NPR logo Satirist Takes Berlin Holocaust Memorial Selfie-Takers To Task

Culture

Satirist Takes Berlin Holocaust Memorial Selfie-Takers To Task

Visitors photograph each other while standing on concrete slabs at the Holocaust Memorial in Berlin in 2016. Sean Gallup/Getty Images hide caption

toggle caption
Sean Gallup/Getty Images

Visitors photograph each other while standing on concrete slabs at the Holocaust Memorial in Berlin in 2016.

Sean Gallup/Getty Images

At first glance, the snapshots featured on yolocaust.de look like any other ordinary selfies. People are smiling, dancing, juggling or striking a yoga pose. But if you move the mouse over an image, the background switches to black-and-white stills showing scenes of Nazi concentration camps. Suddenly, the pictures become profoundly disturbing. People are pictured dancing on corpses or juggling in mass graves.

The photo montage series is Berlin-based Israeli satirist Shahak Shapira's response to visitors snapping what he sees as frivolous selfies at Berlin's Memorial to the Murdered Jews of Europe, Germany's national Holocaust memorial site. His project has sparked a debate over where to draw the line in an age in which most experiences are filtered through the lens of a smartphone and shared online. The name of his website — "Yolocaust" — is yet another provocation, with its reference to the acronym "you only live once."

Shapira, 28, was born in Israel and emigrated to Germany at 14. His maternal grandfather narrowly escaped the gas chambers when Polish Christians hid him from the Nazis. His paternal grandfather, Amitzur Shapira, was one of 11 Israeli athletes murdered by the Palestinian terrorist group Black September at the Munich Olympic Games in 1972.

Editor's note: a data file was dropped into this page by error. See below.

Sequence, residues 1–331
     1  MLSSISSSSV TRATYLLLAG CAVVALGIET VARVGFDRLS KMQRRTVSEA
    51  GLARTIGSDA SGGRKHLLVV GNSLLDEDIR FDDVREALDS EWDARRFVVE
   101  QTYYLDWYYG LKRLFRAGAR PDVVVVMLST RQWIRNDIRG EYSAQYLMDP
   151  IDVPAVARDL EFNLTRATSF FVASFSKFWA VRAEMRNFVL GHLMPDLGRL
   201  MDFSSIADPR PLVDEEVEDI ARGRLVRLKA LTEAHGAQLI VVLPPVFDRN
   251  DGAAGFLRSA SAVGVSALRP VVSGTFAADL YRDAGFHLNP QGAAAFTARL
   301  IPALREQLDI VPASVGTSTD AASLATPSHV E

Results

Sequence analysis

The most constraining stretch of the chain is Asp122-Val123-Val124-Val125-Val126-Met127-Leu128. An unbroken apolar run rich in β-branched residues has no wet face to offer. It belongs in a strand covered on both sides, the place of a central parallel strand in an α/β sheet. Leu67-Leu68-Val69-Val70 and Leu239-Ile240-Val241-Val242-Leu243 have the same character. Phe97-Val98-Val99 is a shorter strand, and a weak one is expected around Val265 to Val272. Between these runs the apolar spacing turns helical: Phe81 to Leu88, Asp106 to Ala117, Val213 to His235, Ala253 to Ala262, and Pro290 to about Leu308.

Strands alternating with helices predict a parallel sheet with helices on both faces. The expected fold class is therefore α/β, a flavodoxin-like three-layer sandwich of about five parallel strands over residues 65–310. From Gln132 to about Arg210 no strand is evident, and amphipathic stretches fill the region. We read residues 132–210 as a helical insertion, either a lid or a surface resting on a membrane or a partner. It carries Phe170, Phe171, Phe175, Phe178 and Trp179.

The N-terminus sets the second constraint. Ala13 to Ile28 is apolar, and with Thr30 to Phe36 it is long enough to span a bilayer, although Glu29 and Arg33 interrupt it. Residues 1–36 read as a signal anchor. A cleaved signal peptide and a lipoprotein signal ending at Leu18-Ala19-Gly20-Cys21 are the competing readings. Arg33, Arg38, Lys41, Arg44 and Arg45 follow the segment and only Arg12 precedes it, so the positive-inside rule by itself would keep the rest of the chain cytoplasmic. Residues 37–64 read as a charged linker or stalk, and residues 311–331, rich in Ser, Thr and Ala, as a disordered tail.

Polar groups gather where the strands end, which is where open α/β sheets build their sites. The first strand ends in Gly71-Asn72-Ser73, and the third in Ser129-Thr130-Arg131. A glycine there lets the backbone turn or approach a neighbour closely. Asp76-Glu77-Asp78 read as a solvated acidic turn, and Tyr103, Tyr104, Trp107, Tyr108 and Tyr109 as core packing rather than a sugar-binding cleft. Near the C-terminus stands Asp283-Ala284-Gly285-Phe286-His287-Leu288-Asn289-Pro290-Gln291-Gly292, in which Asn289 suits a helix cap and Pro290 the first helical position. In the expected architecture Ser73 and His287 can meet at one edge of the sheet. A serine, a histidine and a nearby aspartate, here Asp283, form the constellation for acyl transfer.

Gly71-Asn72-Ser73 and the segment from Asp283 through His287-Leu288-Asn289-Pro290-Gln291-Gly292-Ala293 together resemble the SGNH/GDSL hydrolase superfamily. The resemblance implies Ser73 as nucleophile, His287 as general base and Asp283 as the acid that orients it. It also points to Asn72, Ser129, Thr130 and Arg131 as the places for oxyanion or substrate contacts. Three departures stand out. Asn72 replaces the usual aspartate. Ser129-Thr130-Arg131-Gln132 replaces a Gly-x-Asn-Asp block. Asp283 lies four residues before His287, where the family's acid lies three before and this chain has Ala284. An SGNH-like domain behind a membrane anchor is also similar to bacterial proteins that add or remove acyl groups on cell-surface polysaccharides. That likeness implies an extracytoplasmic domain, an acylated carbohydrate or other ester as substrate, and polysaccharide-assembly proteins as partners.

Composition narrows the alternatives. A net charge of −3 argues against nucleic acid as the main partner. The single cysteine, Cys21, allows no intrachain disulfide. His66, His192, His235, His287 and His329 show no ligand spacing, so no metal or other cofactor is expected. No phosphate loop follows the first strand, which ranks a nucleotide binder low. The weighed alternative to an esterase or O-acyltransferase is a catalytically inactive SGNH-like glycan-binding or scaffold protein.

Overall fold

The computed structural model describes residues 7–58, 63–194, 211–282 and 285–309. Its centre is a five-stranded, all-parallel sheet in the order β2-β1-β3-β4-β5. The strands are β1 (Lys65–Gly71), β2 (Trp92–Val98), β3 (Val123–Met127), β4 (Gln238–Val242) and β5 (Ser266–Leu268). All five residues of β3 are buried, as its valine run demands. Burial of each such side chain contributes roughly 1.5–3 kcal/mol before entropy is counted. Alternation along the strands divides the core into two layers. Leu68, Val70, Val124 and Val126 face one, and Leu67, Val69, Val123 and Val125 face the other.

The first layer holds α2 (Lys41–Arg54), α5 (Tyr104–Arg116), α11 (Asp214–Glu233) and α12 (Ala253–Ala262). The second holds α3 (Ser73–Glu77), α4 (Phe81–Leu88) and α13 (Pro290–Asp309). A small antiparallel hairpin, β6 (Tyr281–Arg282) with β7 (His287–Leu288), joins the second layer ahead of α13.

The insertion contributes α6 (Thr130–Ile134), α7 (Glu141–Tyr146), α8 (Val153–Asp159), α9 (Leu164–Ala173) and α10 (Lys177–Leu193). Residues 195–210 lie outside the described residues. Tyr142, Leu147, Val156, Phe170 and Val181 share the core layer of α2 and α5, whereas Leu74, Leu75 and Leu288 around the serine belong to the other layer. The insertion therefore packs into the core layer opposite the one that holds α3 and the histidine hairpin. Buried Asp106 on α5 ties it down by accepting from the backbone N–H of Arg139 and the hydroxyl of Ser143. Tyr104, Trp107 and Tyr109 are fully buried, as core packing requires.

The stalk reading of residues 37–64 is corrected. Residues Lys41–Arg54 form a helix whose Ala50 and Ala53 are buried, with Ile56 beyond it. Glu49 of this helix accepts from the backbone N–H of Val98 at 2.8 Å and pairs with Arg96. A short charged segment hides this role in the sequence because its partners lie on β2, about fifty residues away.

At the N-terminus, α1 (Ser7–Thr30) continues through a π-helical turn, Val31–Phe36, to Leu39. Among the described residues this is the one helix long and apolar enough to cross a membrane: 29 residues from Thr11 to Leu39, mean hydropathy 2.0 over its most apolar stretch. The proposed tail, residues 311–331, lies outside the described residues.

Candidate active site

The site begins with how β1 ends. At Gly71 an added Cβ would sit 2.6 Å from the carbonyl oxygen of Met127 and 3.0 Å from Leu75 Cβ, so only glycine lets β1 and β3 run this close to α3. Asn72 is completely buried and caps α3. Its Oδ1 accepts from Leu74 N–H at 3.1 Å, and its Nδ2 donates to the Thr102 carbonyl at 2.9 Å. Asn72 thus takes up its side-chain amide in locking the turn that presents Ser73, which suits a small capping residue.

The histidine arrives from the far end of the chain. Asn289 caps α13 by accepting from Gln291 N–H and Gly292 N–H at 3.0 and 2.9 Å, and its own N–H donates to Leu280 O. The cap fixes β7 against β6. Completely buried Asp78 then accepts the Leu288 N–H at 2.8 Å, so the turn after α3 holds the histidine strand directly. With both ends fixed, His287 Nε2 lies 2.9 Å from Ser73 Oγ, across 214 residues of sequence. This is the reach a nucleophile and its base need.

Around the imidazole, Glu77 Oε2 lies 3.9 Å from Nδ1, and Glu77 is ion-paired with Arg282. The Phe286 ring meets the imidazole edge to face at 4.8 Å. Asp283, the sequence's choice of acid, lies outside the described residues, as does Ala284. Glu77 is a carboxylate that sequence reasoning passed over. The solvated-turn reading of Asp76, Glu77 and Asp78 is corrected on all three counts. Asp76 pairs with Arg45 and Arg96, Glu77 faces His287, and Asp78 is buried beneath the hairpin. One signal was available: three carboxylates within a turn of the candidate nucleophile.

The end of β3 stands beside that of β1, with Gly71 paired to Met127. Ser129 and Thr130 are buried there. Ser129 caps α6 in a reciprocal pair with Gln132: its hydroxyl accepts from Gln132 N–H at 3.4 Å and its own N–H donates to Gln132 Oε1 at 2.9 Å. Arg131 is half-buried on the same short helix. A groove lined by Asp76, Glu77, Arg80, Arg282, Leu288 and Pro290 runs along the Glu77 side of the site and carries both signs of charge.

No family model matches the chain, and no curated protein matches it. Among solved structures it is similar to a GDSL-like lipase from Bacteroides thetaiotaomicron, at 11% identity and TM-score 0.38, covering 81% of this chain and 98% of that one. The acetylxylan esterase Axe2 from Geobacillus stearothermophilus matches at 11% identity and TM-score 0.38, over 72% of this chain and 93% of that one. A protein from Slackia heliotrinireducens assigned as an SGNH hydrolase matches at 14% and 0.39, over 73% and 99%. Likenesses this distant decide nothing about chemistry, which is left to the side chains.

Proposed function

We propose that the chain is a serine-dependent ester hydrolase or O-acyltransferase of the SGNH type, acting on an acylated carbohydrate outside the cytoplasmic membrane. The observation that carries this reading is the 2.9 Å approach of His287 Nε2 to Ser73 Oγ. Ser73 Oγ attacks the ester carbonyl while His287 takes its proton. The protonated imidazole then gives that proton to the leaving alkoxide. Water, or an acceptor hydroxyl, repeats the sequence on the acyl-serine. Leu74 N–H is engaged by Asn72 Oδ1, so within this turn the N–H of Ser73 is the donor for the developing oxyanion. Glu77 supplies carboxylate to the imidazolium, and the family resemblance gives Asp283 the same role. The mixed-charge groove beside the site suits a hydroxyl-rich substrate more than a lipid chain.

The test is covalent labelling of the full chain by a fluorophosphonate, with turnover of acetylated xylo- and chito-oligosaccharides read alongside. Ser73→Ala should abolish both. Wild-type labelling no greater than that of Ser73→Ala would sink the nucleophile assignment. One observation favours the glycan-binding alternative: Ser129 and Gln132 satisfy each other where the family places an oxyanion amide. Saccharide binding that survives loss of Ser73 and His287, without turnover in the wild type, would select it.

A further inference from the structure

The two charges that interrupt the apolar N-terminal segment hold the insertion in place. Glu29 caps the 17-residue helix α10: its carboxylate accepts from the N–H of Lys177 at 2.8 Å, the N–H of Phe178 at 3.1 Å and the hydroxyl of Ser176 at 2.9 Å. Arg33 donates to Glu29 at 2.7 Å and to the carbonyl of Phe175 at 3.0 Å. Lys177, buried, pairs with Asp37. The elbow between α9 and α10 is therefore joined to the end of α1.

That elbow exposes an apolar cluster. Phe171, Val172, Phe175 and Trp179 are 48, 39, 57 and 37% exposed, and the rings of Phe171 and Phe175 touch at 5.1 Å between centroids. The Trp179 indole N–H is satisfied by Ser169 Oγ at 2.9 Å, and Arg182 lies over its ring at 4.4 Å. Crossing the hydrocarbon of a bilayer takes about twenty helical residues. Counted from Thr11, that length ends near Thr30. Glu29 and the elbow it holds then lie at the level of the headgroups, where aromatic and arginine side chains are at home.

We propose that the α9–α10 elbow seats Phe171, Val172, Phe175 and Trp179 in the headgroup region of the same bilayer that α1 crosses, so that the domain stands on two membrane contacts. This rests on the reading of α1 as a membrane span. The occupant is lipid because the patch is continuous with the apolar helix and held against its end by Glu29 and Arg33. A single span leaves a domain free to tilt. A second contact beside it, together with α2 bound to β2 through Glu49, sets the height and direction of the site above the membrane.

Article continues after sponsorship

Shapira takes umbrage at what he sees as the mindless behavior of posting selfies at a site marking the extermination of 6 million Jews. His aim, he tells NPR, is not to shame people or join the rampant backlash culture that dominates social media — but to "make people stop and think about where they are in the moment" and what it means to visit a memorial.

Berlin's Holocaust memorial, an unrelenting grid of 2,711 concrete slabs located near the Brandenburg Gate, is "a place for reflection," Shapira says, "not just another backdrop for goofy selfies."

Shapira had been thinking about the Yolocaust project for about a year before he launched it last week — the day after Bjoern Hoecke, a member of the right-wing, populist Alternative for Germany, or AfD party, called the memorial a "monument of shame" and called on Germans to stop atoning for the Nazi past.

Hoecke's remarks sparked widespread outrage in a country where facing up to Nazi crimes is ingrained in the culture and education system. Even Frauke Petry, the AfD's leader, has distanced herself from Hoecke, describing him as a "burden for the party." But she did not overtly criticize his remarks, and on Monday, the AfD leadership decided against throwing Hoecke out.